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Amyotrophic lateral sclerosis type 4(ALS4)

MedGen UID:
355983
Concept ID:
C1865409
Disease or Syndrome
Synonyms: ALS4; AMYOTROPHIC LATERAL SCLEROSIS 4, JUVENILE; NEURONOPATHY, DISTAL HEREDITARY MOTOR, WITH PYRAMIDAL FEATURES; SETX-Related Amyotrophic Lateral Sclerosis
SNOMED CT: Amyotrophic lateral sclerosis type 4 (784341001); ALS4 - amyotrophic lateral sclerosis type 4 (784341001); dHMN (distal hereditary motor neuropathy) with upper motor neuron signs (784341001)
Modes of inheritance:
Autosomal dominant inheritance
MedGen UID:
141047
Concept ID:
C0443147
Intellectual Product
Source: Orphanet
A mode of inheritance that is observed for traits related to a gene encoded on one of the autosomes (i.e., the human chromosomes 1-22) in which a trait manifests in heterozygotes. In the context of medical genetics, an autosomal dominant disorder is caused when a single copy of the mutant allele is present. Males and females are affected equally, and can both transmit the disorder with a risk of 50% for each child of inheriting the mutant allele.
 
Gene (location): SETX (9q34.13)
 
Monarch Initiative: MONDO:0011223
OMIM®: 602433
Orphanet: ORPHA357043

Definition

Juvenile amyotrophic lateral sclerosis-4 (ALS4) is an autosomal dominant disorder characterized by distal muscle weakness and atrophy, normal sensation, and pyramidal signs, with onset of symptoms before the age of 25 years, a slow rate of progression, and a normal life span (summary by Chen et al., 2004). For a phenotypic description and a discussion of genetic heterogeneity of amyotrophic lateral sclerosis, see ALS1 (105400). [from OMIM]

Clinical features

From HPO
Amyotrophic lateral sclerosis
MedGen UID:
274
Concept ID:
C0002736
Disease or Syndrome
Amyotrophic lateral sclerosis (ALS) is a progressive disease that affects motor neurons, which are specialized nerve cells that control muscle movement. These nerve cells are found in the spinal cord and the brain. In ALS, motor neurons die (atrophy) over time, leading to muscle weakness, a loss of muscle mass, and an inability to control movement.\n\nThere are many different types of ALS; these types are distinguished by their signs and symptoms and their genetic cause or lack of clear genetic association. Most people with ALS have a form of the condition that is described as sporadic, which means it occurs in people with no apparent history of the disorder in their family. People with sporadic ALS usually first develop features of the condition in their late fifties or early sixties. A small proportion of people with ALS, estimated at 5 to 10 percent, have a family history of ALS or a related condition called frontotemporal dementia (FTD), which is a progressive brain disorder that affects personality, behavior, and language. The signs and symptoms of familial ALS typically first appear in one's late forties or early fifties. Rarely, people with familial ALS develop symptoms in childhood or their teenage years. These individuals have a rare form of the disorder known as juvenile ALS.\n\nThe first signs and symptoms of ALS may be so subtle that they are overlooked. The earliest symptoms include muscle twitching, cramping, stiffness, or weakness. Affected individuals may develop slurred speech (dysarthria) and, later, difficulty chewing or swallowing (dysphagia). Many people with ALS experience malnutrition because of reduced food intake due to dysphagia and an increase in their body's energy demands (metabolism) due to prolonged illness. Muscles become weaker as the disease progresses, and arms and legs begin to look thinner as muscle tissue atrophies. Individuals with ALS eventually lose muscle strength and the ability to walk. Affected individuals eventually become wheelchair-dependent and increasingly require help with personal care and other activities of daily living. Over time, muscle weakness causes affected individuals to lose the use of their hands and arms. Breathing becomes difficult because the muscles of the respiratory system weaken. Most people with ALS die from respiratory failure within 2 to 10 years after the signs and symptoms of ALS first appear; however, disease progression varies widely among affected individuals.\n\nApproximately 20 percent of individuals with ALS also develop FTD. Changes in personality and behavior may make it difficult for affected individuals to interact with others in a socially appropriate manner. Communication skills worsen as the disease progresses. It is unclear how the development of ALS and FTD are related. Individuals who develop both conditions are diagnosed as having ALS-FTD.\n\nA rare form of ALS that often runs in families is known as ALS-parkinsonism-dementia complex (ALS-PDC). This disorder is characterized by the signs and symptoms of ALS, in addition to a pattern of movement abnormalities known as parkinsonism, and a progressive loss of intellectual function (dementia). Signs of parkinsonism include unusually slow movements (bradykinesia), stiffness, and tremors. Affected members of the same family can have different combinations of signs and symptoms.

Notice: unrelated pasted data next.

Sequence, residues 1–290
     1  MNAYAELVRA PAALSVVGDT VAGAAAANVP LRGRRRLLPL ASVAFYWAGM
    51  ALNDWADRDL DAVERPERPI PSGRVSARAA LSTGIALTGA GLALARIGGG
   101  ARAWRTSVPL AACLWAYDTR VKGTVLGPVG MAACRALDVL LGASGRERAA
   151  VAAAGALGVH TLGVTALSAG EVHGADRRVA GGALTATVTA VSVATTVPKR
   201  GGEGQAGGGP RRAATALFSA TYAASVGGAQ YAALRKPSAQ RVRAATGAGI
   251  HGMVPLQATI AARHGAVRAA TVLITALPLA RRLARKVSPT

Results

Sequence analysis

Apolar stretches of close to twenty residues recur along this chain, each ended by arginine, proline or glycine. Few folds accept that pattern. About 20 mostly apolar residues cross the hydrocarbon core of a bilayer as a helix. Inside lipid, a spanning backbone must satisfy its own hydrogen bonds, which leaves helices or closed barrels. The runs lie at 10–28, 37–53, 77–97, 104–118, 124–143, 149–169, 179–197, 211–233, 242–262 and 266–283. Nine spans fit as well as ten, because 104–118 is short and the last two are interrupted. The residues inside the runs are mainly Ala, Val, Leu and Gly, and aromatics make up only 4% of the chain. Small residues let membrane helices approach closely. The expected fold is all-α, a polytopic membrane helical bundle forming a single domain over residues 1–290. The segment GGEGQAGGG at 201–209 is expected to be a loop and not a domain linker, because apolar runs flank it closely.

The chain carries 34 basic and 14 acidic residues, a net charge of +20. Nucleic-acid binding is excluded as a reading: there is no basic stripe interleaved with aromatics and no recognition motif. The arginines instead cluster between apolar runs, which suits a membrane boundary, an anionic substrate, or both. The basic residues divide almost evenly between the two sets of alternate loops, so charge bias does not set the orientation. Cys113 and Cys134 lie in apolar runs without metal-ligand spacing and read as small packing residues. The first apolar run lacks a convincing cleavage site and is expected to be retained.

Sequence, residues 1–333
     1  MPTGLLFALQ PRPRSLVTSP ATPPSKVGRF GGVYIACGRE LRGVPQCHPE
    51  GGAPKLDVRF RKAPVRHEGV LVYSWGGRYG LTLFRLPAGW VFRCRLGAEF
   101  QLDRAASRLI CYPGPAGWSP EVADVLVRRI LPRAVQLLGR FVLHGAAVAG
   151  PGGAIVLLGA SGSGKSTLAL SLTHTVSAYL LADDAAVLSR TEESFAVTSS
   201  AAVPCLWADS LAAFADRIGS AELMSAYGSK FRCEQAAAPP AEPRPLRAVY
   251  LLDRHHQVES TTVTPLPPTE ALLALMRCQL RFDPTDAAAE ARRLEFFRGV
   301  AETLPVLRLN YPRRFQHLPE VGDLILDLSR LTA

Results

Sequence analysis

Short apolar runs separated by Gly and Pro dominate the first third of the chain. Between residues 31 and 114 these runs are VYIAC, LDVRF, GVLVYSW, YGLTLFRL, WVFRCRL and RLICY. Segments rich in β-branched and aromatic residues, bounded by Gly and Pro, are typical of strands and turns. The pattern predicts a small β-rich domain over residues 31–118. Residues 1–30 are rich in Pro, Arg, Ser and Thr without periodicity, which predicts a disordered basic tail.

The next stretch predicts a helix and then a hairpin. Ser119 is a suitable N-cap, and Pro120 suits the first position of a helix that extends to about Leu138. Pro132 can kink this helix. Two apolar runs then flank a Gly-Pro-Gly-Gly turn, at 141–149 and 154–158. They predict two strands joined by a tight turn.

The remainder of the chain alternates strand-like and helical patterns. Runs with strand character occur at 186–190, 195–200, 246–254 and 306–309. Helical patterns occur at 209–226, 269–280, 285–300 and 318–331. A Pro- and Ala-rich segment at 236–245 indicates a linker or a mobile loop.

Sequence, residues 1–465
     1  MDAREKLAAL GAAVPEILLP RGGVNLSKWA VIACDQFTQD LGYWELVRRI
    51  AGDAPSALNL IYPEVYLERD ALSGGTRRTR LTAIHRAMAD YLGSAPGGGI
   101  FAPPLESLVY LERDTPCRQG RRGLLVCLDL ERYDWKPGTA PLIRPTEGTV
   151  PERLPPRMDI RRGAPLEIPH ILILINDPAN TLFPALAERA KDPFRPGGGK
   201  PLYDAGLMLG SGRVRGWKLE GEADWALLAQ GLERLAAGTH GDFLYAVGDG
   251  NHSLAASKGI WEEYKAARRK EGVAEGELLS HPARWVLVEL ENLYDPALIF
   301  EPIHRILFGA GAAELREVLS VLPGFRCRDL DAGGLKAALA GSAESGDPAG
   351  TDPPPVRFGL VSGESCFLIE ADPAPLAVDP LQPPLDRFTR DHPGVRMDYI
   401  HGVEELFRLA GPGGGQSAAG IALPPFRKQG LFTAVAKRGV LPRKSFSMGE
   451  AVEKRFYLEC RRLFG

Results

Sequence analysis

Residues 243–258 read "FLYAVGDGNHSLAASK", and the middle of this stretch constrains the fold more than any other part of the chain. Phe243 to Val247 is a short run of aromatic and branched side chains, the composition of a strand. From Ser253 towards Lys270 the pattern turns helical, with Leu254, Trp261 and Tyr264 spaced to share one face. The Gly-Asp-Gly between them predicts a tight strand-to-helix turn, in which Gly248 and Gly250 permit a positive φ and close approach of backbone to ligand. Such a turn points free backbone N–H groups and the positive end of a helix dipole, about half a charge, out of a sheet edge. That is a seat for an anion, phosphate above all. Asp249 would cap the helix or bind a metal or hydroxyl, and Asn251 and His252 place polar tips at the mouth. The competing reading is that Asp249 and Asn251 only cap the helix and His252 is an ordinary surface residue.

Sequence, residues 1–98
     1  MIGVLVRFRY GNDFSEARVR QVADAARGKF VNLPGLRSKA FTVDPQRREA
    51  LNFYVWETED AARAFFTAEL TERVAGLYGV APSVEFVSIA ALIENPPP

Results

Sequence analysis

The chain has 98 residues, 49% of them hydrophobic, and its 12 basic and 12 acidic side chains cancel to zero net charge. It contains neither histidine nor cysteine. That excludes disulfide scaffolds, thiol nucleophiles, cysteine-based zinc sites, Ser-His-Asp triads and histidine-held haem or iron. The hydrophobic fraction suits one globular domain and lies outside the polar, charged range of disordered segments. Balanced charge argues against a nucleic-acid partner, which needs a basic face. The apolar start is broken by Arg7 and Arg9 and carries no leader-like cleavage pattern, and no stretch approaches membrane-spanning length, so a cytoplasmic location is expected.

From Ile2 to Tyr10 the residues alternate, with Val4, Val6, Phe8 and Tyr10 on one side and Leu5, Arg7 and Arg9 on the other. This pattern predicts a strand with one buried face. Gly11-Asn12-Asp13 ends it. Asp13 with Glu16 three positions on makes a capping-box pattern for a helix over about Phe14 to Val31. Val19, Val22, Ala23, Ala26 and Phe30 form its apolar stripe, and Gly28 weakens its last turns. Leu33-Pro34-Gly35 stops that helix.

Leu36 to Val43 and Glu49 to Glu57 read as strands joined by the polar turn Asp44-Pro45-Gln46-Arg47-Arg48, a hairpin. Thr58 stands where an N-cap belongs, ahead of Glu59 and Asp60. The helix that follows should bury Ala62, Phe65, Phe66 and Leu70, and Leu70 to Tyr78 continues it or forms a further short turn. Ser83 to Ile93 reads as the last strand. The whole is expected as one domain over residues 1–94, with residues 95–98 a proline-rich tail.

Clonus
MedGen UID:
40341
Concept ID:
C0009024
Sign or Symptom
A series of rhythmic and involuntary muscle contractions (at a frequency of about 5 to 7 Hz) that occur in response to an abruptly applied and sustained stretch.
Babinski sign
MedGen UID:
19708
Concept ID:
C0034935
Finding